By being representative of the whole industry, the Concrete Bridge Development Group acts as a catalyst for the best in concrete bridge design, construction, maintenance and management. PUBLICATIONS FROM THE CONCRETE BRIDGE DEVELOPMENT GROUP Integral bridges Technical Guide 1 A report of a study visit in August 1997 by a CBDG delegation to North America, sponsored by DTI (1997) Guide to testing and monitoring of durability of concrete structures Technical Guide 2 A practical guide for bridge owners and designers (2002) The use of bre composites in concrete bridges Technical Guide 3 A state-of-the-art review of the use of bre composites (2000) The aesthetics of concrete bridges Technical Guide 4 A technical guide dealing with the appearance and aesthetics of concrete bridges (2001) Fast construction of concrete bridges Technical Guide 5 The report of a Concrete Bridge Development Group Working Party (2005) High strength concrete in bridge construction Technical Guide 6 A state-of-the-art report (2005) CCIP-002 Self-compacting concrete in bridge construction Technical Guide 7 Written by Peter JM Bartos (2005) CCIP-003 An Introduction to Concrete Bridges A publication dedicated to undergraduates and young engineers (2006) Guide to the Use of Lightweight Aggregate Concrete in bridges Technical Guide 8 A state-of-the-art report, written by Philip Bamforth (2006) CCIP-015 Guidance on the Assessment of Concrete Bridges Technical Guide 9 A Task Group report (2007) CCIP-024 Enhancing the Capacity of Concrete Bridges Technical Guide 10 A Task Group report (2008) CCIP-036 Modular Precast Concrete Bridges Technical Guide 11 A state-of-the-art report (2008) CCIP-028 You can buy the above publications from the Concrete Bookshop at www.concrete.org.uk and please visit www.cbdg.org.uk for further publications, including free download.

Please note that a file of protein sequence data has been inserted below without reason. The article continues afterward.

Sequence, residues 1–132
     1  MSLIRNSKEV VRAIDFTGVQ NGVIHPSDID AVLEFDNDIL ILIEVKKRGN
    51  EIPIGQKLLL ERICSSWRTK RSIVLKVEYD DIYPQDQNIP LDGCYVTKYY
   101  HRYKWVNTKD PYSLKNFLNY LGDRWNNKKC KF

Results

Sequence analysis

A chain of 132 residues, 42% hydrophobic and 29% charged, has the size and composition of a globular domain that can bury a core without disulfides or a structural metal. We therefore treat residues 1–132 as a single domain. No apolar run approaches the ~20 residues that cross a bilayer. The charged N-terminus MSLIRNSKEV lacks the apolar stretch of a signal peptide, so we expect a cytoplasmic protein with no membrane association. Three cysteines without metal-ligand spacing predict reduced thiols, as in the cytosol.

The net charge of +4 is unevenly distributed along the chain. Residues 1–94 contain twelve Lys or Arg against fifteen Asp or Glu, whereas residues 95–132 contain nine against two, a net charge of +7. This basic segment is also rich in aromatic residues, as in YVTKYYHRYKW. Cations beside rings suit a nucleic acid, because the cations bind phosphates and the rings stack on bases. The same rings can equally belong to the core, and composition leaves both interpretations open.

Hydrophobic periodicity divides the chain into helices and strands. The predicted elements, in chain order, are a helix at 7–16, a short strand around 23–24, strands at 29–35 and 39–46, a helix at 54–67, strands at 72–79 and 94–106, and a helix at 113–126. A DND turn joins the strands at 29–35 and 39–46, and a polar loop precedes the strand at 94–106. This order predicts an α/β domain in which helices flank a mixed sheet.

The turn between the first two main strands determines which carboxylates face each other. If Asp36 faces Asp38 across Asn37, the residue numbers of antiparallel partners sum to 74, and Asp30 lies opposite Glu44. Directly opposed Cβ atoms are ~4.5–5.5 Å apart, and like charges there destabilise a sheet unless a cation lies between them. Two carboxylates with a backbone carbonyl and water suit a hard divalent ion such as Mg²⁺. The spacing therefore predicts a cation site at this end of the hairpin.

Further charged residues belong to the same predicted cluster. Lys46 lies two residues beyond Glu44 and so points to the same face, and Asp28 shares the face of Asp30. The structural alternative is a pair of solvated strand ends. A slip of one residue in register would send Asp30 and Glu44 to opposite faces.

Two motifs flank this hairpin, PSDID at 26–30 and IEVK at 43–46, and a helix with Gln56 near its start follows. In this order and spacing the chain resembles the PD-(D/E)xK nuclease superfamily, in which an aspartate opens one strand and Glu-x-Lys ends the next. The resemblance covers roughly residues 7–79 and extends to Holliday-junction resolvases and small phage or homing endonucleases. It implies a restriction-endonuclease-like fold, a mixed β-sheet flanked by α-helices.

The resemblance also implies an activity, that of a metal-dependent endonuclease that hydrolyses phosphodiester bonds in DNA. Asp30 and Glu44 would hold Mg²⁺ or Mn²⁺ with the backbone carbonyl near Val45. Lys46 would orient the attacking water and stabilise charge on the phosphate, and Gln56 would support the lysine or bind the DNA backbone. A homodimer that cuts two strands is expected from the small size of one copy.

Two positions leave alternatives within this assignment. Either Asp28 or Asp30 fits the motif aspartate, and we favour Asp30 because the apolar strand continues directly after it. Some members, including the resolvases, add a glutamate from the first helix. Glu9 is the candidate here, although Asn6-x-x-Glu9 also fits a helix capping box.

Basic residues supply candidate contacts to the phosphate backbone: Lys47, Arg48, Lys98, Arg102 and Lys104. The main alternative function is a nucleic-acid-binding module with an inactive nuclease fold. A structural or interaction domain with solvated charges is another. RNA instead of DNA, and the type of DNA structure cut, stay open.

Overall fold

CI/Sfb

UDC 624.21.012.3

Modular Precast Concrete Bridges: A state-of-the-art report

This publication outlines the development of a modular precast concrete bridge system. This new system provides designers with a concrete solution for medium span bridges that can be used for the majority of bridge locations. The modular system incorporates easily transportable precast concrete shell units that support and combine compositely with the post-tensioned, in-situ concrete core. Guidance includes an introduction to the system followed by structural details, construction options and example costs. Scheme drawings and construction programmes for case study examples are also provided.

CCIP-028 Published December 2008 ISBN 978-1-904482-52-9 Concrete Bridge Development Group Riverside House, 4 Meadows Business Park, Station Approach, Blackwater, Camberley, Surrey, GU17 9AB Tel: +44 (0)1276 33777 Fax: +44 (0)1276 38899 www.cbdg.org.uk